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Times-tables tests for 8 and 9-year-olds to start at 290 primary schools next month

Trials of a new times-tables test for year 4 pupils will begin at around 290 primary schools from next month.

Nick Gibb, the schools minister, today announced the next stage in the government’s primary testing reforms. He claimed the new online multiplication table tests will “help teachers identify those pupils who require extra support”.

But a headteachers’ union warned the tests would not tell teachers “anything they don’t already know about their children”, and will increase pressure on schools “already cluttered with tests and checks”.

A pupil’s primary school years are already cluttered with tests and checks

Despite confirming the rough number of schools taking part in this year’s pilot, the government has only named a handful of those involved, and refused to name others when pressed.

Two schools in Lincoln – Manor Farm Academy and Witham St Hughs Academy – are confirmed as taking part, as is the Carlisle-based St Ninian Catholic Federation, which has two schools, St Margaret Mary and St Cuthbert’s.

Reach Academy Feltham, a London free school often singled out for praise by the government, has also been named as a trial school.

Following the trial, the times-tables test will be rolled out to all schools that volunteer to run it from 2018-19, but it won’t become compulsory for schools until 2019-20. The test will take around five minutes to complete, the government said, and school level will not be published, nor be used by Ofsted and others to “force changes in schools”.

However, despite ministers’ assurances, Nick Brook, the deputy general secretary of the NAHT union, said it was still “hugely disappointing” that the government had decided to press on with the tests in the face of opposition from school leaders.

“This test won’t tell teachers and parents anything they don’t already know about their children,” he said. “Although school results won’t be published, this government test will be scrutinised by Ofsted when they visit and therefore become even more significant.

“A pupil’s primary school years are already cluttered with tests and checks. We want all children to succeed at school, but the answer isn’t to test them more.”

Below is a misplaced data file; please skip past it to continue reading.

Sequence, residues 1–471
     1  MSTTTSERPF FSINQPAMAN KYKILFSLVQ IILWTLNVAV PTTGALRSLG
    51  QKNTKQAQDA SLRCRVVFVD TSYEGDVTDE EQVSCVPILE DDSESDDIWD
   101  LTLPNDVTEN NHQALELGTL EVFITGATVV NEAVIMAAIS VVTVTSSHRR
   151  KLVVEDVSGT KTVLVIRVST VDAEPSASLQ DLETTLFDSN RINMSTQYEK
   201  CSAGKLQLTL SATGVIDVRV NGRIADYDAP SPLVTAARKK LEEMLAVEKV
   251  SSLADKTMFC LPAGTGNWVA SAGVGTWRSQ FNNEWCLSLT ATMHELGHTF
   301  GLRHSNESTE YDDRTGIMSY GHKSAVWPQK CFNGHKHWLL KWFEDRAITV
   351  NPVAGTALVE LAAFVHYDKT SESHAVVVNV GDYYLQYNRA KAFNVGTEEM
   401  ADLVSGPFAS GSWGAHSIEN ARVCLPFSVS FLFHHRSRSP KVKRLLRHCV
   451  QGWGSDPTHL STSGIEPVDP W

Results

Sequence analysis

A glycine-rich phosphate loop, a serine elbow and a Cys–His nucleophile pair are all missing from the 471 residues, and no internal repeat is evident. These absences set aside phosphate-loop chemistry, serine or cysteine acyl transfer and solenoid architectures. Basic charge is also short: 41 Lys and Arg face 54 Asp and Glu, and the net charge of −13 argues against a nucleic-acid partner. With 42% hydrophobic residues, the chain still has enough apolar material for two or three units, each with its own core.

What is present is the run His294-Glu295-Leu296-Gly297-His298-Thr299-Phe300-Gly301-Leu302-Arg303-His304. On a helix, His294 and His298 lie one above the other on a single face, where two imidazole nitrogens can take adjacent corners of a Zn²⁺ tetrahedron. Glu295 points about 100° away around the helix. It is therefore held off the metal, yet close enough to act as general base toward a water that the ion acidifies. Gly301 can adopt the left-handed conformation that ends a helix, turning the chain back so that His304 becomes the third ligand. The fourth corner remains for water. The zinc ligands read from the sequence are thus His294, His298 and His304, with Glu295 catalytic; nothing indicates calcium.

Nick Brook

Times-tables tests have been on the cards since 2015 and were originally supposed to start in 2016, but firm proposals were only announced in September last year, in the government’s response to its long-awaited consultation on primary testing. The tests are part of the government’s aspiration that all pupils should know their times tables up to 12 by the time they leave primary school.

The government initially proposed that the tests be sat by 10- and 11-year-olds during in year 6, but proposed moving them to the end of year 4, when most pupils are nine years old, after last year’s consultation.

In its statement today, the Department for Education claimed the change was made because “the majority of the sector said that year 4 would be the best point to run a check on progress being made”.

However, the government’s own consultation response document, published last September, said that just two fifths of respondents supported times table tests at the end of year 4. It was the option with the most support, but not the choice of “the majority” of school staff, as officials claimed today.

Gibb said the tests will “ensure that all pupils leave primary school knowing their times tables by heart and able to start secondary school with a secure grasp of fundamental arithmetic as a foundation for mathematics”.



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2 Comments

  1. Knowing tables by heart doesn’t necessarily show understanding. It’s useful – and I can chant away with the best. But throw a multiplication sum at me (eg 6×8) and I panic and flounder. But I still passed O level maths.
    Nick Gibb shows a simplistic understanding of education – being able to decode in a test is reading ability according to him, and knowing tables by heart is essential for ‘fundamental arithmetic’. It ain’t necessarily so.
    Like his former boss, Michael Gove, Gibb appears only to value that which can be assessed by mandatory national tests. But constantly measuring the roots won’t allow plants to blossom.

    • Jimmy Mook

      I recommend the Maths Gene: http://amzn.to/2EuuirR
      It explains how times tables are learnt so they can be hard wired into the brain. It’s not mathematical thinking, it’s memory, but with strong links built it can allow for faster calculations.

      I’m no fan of Gibb, but I have no issue with this. Well, I have an issue with it being used for clumsy accountability rather than as common aim of all schools. I think we need to ensure the two different arguments are not combined.
      So for me: times tables good – simplistic accountability bad!